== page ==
The technical systems that I use and respect are almost exclusively case-sensitive: be it OS or programming language or anything else.
The exceptions I could think of right now is the HTML tags and some implementations of SQL, and the Ada programming language.
Even in those cases, I think there are strong tendencies to actually write HTML tags in lowercase, and the SQL query semantics in uppercase (and parameters capitalized). (Correct me if I'm wrong.) As for Ada, the Emacs mode will correct you if you for example type a lowercase procedure name, although that won't matter when compiling. So, even when there is case-insensitiveness, it seems people agree it's a bad idea.
The reason is that you get much more expressive power with case-sensitiveness. Not only quantitatively -
CD is one, but
cd are four - but more importantly, you can express purpose, emphasis, etc. using upper- and lowercase sensibly; also, when programming, you'll enhance readability.
Intuitively, it is clear that you don't read
HI the same way!
But, to give you a computer world example, in the programming language Ada (from the 1980s), the first line of a procedure code block could look like this:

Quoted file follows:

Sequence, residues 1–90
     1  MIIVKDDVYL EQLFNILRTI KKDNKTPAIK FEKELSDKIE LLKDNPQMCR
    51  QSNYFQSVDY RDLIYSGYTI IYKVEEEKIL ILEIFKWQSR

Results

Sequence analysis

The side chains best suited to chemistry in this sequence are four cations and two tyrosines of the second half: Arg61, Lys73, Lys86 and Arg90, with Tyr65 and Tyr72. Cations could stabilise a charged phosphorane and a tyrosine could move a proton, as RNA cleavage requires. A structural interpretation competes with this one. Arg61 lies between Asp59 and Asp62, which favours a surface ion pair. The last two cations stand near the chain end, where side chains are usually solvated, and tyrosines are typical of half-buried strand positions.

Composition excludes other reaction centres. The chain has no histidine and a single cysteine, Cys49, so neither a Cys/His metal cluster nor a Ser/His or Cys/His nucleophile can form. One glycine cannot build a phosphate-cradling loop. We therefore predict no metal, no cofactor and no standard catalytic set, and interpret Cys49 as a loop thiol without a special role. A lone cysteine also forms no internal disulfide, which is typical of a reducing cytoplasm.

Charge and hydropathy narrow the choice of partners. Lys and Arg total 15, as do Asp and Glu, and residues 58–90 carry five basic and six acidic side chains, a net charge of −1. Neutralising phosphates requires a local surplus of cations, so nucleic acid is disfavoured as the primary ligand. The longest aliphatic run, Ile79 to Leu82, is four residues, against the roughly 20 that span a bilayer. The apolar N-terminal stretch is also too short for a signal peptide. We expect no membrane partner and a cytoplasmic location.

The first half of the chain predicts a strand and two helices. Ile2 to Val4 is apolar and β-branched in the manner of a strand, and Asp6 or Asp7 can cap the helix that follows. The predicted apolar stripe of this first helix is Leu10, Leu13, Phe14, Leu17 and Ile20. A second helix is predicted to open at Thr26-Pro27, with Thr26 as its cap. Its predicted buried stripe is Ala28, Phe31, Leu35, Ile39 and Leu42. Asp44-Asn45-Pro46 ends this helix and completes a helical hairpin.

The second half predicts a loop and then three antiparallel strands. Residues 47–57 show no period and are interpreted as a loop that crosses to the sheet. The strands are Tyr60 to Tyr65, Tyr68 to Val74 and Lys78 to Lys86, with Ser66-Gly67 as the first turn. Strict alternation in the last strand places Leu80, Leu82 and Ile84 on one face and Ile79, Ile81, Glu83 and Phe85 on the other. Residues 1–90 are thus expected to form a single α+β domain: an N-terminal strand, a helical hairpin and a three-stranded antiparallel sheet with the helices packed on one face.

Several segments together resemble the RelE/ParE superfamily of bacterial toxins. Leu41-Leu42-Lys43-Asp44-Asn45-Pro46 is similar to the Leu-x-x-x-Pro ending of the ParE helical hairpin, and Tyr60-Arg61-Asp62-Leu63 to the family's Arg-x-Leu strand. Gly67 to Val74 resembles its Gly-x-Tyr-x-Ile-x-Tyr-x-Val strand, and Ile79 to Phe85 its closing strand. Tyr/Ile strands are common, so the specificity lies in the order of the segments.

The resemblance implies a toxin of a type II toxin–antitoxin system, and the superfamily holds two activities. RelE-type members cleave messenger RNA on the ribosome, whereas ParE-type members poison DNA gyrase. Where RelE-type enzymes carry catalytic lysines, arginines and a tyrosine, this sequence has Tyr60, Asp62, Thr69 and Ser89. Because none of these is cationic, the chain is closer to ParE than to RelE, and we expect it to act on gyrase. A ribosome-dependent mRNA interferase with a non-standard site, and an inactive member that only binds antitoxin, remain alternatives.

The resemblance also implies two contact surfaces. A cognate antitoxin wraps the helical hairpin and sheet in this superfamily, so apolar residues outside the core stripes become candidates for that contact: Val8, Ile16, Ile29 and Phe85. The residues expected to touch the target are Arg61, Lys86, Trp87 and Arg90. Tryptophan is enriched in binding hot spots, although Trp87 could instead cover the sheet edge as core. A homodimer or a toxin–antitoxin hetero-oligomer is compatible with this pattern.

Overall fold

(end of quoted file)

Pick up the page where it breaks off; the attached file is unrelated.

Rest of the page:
procedure body P(SCB : in out Semaphore_Control_Block) is
as you see, the procedure and parameter names are capitalized, as are datatypes, everything else is lowercase. Also note that the "all uppercase" parameter name tells us that it is an acronym. Now, compare this to
procedure body p(scb : in out semaphore_control_block) is
This is possible, as Ada is case-insensitive (or, to be exact, the compiler will change it to the way in my first example, but of course won't change your code). Or, how about:
PROCedure body P(Scb : IN Out semaphore_CONTROL_BLOCK) iS
That one is a bit ridiculous, I know; but someone would be stupid enough to write it that way (well, perhaps not). Point is, a case sensitive system will not only force people to be consistent, they will also be helped by it (readability) and use it to their advantage (the acronym example above).